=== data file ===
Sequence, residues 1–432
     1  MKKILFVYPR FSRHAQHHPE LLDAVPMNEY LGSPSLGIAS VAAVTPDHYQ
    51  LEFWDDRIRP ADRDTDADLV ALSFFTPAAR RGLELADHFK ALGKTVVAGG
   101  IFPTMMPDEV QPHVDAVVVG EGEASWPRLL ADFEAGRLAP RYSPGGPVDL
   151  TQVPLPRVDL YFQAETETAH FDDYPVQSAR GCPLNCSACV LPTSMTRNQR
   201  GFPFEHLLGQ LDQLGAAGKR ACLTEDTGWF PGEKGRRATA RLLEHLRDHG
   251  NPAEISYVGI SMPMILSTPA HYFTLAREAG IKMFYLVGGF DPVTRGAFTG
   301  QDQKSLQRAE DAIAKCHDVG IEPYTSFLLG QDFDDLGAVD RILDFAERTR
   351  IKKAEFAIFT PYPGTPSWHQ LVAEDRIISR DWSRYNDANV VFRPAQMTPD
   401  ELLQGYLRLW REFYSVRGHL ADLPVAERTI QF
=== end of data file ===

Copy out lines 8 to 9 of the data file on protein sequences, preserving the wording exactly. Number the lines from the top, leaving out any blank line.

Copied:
   301  QDQKSLQRAE DAIAKCHDVG IEPYTSFLLG QDFDDLGAVD RILDFAERTR
   351  IKKAEFAIFT PYPGTPSWHQ LVAEDRIISR DWSRYNDANV VFRPAQMTPD